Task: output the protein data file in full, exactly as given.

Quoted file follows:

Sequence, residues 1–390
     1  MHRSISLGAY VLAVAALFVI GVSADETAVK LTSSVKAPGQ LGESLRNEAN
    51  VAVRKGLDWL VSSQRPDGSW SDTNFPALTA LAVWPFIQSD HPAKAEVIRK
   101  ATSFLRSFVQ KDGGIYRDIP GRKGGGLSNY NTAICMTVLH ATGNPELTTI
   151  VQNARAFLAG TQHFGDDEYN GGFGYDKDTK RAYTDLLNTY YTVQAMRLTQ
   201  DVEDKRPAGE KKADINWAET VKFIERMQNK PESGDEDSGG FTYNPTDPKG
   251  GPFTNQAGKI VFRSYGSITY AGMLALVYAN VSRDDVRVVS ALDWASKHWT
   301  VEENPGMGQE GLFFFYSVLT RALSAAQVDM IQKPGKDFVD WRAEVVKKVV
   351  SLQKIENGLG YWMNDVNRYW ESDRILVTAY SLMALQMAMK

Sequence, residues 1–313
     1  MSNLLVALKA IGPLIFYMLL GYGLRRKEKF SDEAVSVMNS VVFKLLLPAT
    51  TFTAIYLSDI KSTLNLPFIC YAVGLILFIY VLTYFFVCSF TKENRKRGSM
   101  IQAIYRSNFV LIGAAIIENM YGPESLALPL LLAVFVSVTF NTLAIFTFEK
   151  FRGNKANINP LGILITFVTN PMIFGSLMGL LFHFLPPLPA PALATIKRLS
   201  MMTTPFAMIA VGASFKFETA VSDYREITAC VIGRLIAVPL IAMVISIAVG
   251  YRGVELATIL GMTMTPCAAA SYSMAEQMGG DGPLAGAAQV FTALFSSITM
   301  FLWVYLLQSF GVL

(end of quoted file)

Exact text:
Sequence, residues 1–390
     1  MHRSISLGAY VLAVAALFVI GVSADETAVK LTSSVKAPGQ LGESLRNEAN
    51  VAVRKGLDWL VSSQRPDGSW SDTNFPALTA LAVWPFIQSD HPAKAEVIRK
   101  ATSFLRSFVQ KDGGIYRDIP GRKGGGLSNY NTAICMTVLH ATGNPELTTI
   151  VQNARAFLAG TQHFGDDEYN GGFGYDKDTK RAYTDLLNTY YTVQAMRLTQ
   201  DVEDKRPAGE KKADINWAET VKFIERMQNK PESGDEDSGG FTYNPTDPKG
   251  GPFTNQAGKI VFRSYGSITY AGMLALVYAN VSRDDVRVVS ALDWASKHWT
   301  VEENPGMGQE GLFFFYSVLT RALSAAQVDM IQKPGKDFVD WRAEVVKKVV
   351  SLQKIENGLG YWMNDVNRYW ESDRILVTAY SLMALQMAMK

Sequence, residues 1–313
     1  MSNLLVALKA IGPLIFYMLL GYGLRRKEKF SDEAVSVMNS VVFKLLLPAT
    51  TFTAIYLSDI KSTLNLPFIC YAVGLILFIY VLTYFFVCSF TKENRKRGSM
   101  IQAIYRSNFV LIGAAIIENM YGPESLALPL LLAVFVSVTF NTLAIFTFEK
   151  FRGNKANINP LGILITFVTN PMIFGSLMGL LFHFLPPLPA PALATIKRLS
   201  MMTTPFAMIA VGASFKFETA VSDYREITAC VIGRLIAVPL IAMVISIAVG
   251  YRGVELATIL GMTMTPCAAA SYSMAEQMGG DGPLAGAAQV FTALFSSITM
   301  FLWVYLLQSF GVL